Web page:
What is CD4 count? What are the likely effects of using ARVs? Maggie
CD4 cells (also known as T4 or helper T cells) are lymphocytes (a type of white blood cell), which are key in both humoral and cell-mediated immune responses. These are the main target cells for HIV virus. Their numbers decrease during HIV infection, thus reducing the ability of the body to fight diseases. Their level is used as a marker of progression of the infection. As per the level of CD4 count, the person may be healthy or have minor sickness like skin infections or repeated upper respiratory tract infections. With decrease in CD4 count, he/she becomes susceptible to serious infections like pneumonias or oral thrush. As the CD4 count comes to very low levels, person becomes prone to life threatening infections or cancers. A low CD4 count, in spite of taking ARV drugs regularly is an indication to consider drug resistance, review the combination of drugs and change it if necessary.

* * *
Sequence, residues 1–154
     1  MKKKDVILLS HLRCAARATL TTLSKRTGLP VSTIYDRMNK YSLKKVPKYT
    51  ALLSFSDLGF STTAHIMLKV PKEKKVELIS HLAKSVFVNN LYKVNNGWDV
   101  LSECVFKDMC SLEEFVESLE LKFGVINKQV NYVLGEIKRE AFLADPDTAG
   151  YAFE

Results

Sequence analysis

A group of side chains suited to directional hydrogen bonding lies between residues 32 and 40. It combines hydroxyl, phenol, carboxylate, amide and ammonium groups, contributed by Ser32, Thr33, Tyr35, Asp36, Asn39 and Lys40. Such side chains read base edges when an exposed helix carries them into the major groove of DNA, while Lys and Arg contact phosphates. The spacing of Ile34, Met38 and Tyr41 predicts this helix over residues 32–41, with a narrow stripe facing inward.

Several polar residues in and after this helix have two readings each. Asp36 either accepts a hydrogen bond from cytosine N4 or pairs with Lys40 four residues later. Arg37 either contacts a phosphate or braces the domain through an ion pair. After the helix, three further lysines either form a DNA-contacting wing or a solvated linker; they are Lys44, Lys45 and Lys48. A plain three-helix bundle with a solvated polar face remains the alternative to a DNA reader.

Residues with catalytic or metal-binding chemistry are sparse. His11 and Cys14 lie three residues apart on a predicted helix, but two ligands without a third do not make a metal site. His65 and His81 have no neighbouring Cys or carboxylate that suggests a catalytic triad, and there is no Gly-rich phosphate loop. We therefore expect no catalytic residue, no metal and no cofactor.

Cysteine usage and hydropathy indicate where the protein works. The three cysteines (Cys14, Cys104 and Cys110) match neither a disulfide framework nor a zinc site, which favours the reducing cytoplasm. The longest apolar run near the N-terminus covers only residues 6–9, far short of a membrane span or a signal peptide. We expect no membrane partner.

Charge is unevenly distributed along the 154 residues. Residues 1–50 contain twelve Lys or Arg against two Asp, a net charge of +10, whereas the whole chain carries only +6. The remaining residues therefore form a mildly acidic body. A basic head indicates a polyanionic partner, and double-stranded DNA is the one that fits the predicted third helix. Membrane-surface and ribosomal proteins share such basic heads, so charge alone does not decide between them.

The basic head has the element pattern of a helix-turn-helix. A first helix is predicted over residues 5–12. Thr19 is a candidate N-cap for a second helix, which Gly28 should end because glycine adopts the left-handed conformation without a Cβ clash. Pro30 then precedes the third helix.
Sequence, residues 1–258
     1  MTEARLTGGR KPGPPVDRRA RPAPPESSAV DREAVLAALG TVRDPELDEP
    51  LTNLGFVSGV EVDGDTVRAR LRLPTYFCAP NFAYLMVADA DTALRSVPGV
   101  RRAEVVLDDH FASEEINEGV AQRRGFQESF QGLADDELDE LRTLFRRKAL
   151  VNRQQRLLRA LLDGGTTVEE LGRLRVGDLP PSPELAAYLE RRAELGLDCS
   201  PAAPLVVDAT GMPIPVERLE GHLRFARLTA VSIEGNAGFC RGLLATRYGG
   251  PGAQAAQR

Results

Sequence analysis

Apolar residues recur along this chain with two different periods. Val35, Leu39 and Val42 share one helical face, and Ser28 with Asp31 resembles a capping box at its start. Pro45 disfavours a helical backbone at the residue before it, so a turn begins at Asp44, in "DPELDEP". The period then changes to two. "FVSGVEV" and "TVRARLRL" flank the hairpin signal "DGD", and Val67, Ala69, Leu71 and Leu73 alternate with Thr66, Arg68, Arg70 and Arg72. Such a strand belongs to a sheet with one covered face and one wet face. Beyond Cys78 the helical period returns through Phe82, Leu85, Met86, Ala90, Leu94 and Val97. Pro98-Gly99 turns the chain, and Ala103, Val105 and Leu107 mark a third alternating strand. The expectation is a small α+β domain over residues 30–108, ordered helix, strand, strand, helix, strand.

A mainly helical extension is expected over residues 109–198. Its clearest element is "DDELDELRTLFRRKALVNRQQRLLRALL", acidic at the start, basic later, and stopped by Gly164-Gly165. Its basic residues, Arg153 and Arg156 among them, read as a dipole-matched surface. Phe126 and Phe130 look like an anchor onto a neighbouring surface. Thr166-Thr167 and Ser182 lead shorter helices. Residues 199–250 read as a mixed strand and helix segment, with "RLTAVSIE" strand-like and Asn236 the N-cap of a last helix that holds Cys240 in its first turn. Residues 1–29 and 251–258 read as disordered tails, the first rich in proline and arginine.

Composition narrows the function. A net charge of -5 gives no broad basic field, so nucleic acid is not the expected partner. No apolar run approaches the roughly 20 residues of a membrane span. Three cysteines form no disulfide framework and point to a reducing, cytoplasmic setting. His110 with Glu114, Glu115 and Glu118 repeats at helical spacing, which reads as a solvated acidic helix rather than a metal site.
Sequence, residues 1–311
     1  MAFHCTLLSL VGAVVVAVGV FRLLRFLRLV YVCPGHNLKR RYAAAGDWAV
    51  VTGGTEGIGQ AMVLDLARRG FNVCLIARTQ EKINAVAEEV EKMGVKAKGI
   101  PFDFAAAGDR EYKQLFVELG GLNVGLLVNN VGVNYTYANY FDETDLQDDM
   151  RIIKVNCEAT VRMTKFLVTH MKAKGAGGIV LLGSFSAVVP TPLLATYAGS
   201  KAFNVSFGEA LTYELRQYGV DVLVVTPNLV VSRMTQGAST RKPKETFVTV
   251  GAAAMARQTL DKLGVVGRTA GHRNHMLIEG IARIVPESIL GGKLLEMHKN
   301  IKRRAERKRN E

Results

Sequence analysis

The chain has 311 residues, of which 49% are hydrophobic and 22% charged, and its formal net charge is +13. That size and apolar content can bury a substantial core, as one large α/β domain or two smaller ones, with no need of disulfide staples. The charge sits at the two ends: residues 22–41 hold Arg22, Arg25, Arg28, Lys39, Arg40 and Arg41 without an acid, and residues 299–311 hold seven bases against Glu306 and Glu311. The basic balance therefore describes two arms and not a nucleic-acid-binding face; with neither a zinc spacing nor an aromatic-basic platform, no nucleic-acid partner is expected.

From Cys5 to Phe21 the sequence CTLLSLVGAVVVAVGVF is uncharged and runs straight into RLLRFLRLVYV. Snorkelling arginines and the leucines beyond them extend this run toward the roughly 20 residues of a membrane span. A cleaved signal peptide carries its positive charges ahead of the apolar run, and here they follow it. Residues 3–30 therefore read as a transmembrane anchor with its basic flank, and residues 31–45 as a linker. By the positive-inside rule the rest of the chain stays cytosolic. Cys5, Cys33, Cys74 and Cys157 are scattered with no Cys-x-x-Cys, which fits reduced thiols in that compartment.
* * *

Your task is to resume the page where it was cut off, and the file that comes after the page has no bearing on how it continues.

ARV drugs block the attachment of HIV virus to CD4 cells or check its multiplication through different mechanisms. This helps in reducing the viral load and also builds up the immunity of the person. Improvement in the CD4 count is a marker of a good response to ARV drugs being given. However in spite of ARV drugs the CD4 count may not improve, if there is primary resistance to the drugs. If the individual takes the drugs irregularly, he is likely to develop secondary resistance, i.e. drugs which were effective initially cease to be effective. If the drugs are started when the CD4 count is already very low, they may not be very effective in helping the person to combat diseases.